- 12:09 I wake up, realize what I did, and call him back. He's used to this sort of thing.
- 12:19 Hang up, pass out again. The sleep of the angels and all that.
- 6:32 A small boy weight leaps on the bed. "It's your birthday!!"
- 8:30 Work. I am surprised with a rose and a very nice cake from some of the staff, and a pumpkin cheesecake (with a Kahlua sauce on top, got a recipe Joke??) from my boss and the supervisors. Sweet heaven, was that good!
- 4:30 I speed out the door, snatch children from the sitter, and drive like a demon forty minutes to B'water. (closest town with a RMV) Once there, I grab kids, toys, and my purse and sprint in the building. Where at least sixty people are. Okay, in for the duration. Car keys to R and two trucks to C, and while they're occupied I do rapid math in my head and figure out there are 38 numbers to be called before mine. Gonna be a while.
- 4:49 The duration turns out to be nineteen minutes long. Some other little boy has stepped on R's foot, taken my car keys, and run off, C in hot pursuit. R is screaming holy hell and just over her yells I can hear C demanding the keys back. I glare in the other childs direction and am shocked to see him hit C. Remembering to snatch up the howling baby, I get to the rowing boys as the other mom does - she mumbles something about how her boy loves keys and I shoot back that my boy loves not to be punched....and R is still screaming. Giving her back the keys has no effect. She is well and truly pissed. I glance up at the neon numbers, which haven't changed. We're out of here.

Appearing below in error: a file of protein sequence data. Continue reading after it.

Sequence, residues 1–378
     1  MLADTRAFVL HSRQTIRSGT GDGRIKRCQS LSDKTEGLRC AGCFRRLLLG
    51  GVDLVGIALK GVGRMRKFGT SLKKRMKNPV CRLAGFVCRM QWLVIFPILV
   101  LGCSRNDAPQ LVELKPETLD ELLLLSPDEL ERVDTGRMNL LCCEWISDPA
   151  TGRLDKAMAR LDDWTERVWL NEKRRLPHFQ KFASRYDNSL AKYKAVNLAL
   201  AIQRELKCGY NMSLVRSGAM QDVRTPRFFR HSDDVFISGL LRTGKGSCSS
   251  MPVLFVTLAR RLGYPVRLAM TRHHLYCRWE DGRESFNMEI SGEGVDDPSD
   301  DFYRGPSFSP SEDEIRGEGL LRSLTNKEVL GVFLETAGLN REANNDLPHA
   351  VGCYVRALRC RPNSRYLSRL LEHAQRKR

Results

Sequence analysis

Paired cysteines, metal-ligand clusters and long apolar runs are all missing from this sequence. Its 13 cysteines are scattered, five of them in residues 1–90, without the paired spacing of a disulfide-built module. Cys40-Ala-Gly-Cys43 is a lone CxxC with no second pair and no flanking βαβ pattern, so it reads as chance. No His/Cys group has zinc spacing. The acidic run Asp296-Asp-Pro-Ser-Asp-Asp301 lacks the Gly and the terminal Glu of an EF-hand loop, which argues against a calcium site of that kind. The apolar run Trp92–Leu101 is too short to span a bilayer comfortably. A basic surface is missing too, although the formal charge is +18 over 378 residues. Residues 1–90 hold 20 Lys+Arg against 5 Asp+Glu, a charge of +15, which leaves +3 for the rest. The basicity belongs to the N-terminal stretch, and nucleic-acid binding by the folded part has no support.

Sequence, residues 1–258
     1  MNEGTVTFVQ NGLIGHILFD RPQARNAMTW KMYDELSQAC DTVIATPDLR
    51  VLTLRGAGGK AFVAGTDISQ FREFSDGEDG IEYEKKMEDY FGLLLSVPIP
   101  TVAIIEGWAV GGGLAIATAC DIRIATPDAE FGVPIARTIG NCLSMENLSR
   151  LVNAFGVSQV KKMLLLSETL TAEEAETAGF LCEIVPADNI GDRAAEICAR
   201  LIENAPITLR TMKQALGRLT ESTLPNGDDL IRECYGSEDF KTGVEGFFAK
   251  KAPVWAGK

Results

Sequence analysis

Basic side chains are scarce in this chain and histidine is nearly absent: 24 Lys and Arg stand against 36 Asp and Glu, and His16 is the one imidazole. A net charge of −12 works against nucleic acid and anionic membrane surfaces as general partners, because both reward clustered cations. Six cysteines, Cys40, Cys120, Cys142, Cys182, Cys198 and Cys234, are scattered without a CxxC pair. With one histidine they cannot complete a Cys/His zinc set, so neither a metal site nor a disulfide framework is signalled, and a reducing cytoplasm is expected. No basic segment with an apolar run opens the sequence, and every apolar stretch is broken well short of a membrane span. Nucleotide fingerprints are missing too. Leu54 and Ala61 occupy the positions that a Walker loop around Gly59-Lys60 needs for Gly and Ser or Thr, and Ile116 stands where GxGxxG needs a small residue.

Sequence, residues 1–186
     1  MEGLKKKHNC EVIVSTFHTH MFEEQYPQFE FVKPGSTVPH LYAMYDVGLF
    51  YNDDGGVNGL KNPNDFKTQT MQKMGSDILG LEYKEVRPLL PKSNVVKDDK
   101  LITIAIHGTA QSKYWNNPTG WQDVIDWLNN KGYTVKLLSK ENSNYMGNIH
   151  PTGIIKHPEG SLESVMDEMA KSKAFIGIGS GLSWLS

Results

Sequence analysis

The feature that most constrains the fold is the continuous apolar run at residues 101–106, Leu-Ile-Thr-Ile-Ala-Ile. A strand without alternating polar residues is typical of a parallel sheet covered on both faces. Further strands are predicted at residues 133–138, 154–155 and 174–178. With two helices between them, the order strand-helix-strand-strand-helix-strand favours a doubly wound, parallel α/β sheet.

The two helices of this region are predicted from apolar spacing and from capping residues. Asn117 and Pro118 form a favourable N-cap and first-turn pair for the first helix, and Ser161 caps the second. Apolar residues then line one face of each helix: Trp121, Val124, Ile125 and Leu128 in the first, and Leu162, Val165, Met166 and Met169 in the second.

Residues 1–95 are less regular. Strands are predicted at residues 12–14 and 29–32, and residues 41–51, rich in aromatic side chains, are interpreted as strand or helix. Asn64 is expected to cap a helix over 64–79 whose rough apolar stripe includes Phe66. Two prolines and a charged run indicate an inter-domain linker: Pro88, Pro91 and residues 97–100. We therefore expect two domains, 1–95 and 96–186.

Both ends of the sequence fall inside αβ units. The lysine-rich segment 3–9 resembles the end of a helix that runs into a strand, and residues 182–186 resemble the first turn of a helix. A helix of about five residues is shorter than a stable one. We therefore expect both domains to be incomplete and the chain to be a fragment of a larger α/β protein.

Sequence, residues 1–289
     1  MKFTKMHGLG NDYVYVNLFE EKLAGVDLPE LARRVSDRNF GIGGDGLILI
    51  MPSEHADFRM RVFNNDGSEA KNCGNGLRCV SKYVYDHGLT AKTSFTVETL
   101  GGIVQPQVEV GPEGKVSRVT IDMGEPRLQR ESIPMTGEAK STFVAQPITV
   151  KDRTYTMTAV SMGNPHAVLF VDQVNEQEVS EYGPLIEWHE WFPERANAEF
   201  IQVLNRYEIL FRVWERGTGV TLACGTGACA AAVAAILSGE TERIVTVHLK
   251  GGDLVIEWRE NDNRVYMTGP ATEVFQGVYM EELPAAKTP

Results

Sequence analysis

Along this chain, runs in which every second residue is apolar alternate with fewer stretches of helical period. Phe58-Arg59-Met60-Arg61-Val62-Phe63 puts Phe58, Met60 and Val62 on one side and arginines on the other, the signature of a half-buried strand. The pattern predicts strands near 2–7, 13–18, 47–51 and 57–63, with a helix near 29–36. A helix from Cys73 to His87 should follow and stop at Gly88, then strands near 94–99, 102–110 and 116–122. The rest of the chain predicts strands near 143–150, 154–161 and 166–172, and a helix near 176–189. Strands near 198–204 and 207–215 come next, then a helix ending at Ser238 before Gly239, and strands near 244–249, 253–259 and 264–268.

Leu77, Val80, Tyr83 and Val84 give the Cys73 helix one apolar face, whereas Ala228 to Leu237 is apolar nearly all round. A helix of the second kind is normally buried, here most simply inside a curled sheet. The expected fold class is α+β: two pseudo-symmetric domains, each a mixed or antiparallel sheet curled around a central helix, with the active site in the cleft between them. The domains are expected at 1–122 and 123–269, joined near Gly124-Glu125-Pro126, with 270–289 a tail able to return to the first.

- Back in the car, tuck kids in seats, find a sippy for one and some gum for the other, and speed home, having a highly unsatisfactory conversation with Bear at the same time. He thinks I should stay in B'water and he'll come get the kids. I nix that, since I can't imagine what I would do with them for half an hour until he arrived. Home again, home again, jiggety jig!
- 5:20 Pull up the same time Bear does. Herd children into house, cast longing look at Chinese food Bear has with him, kiss B and back in the car.
- 5:30 My cell rings. It's B, and he has taken a crumpled bit of paper from babygirl's hot little paw - it's my number! Too far to look back now.
- 5:43 Back at the RMV. The crowd, if anything, has grown. My new number slides out of the machine at the same time the woman behind the counter bellows my old number. Sigh. I take out the only book I had sloshing around in the car and discover it's a cookbook. America's Test Kitchen. I dive in.
- 8:00 pm The ladies at the RMV lock the doors to prevent anyone new from entering. The throng is beginning to thin. The seats next to me are both full. Both of my neighbors are reading over my shoulders and talking about what they're reading. Glad they could make friends.
- 9:04 pm I step up, pay my fee, take the Worst Drivers License Picture In The History Of Ever, and ..............am..............free.
- 9:30 pm The kids are still up (Daddy is easier to con out of a 7:30 bedtime) and we have cake and I scarf down (cold) (soggy) Chinese food. The kids are taken off and I sit, my whole body humming in the quiet kitchen, thinking....Isn't there something else I have to do??
Oh, that's right. I have to find the ten year calendar and write down the month before my drivers license expires. How early can I renew?
Saturday, 22 April 2006
I can read scatterings of French now, since so much of it is posted everywhere. I convert the Celsius scale into Farenheit, and kilometres into miles. But I do it automatically, and it doesn't trip me up.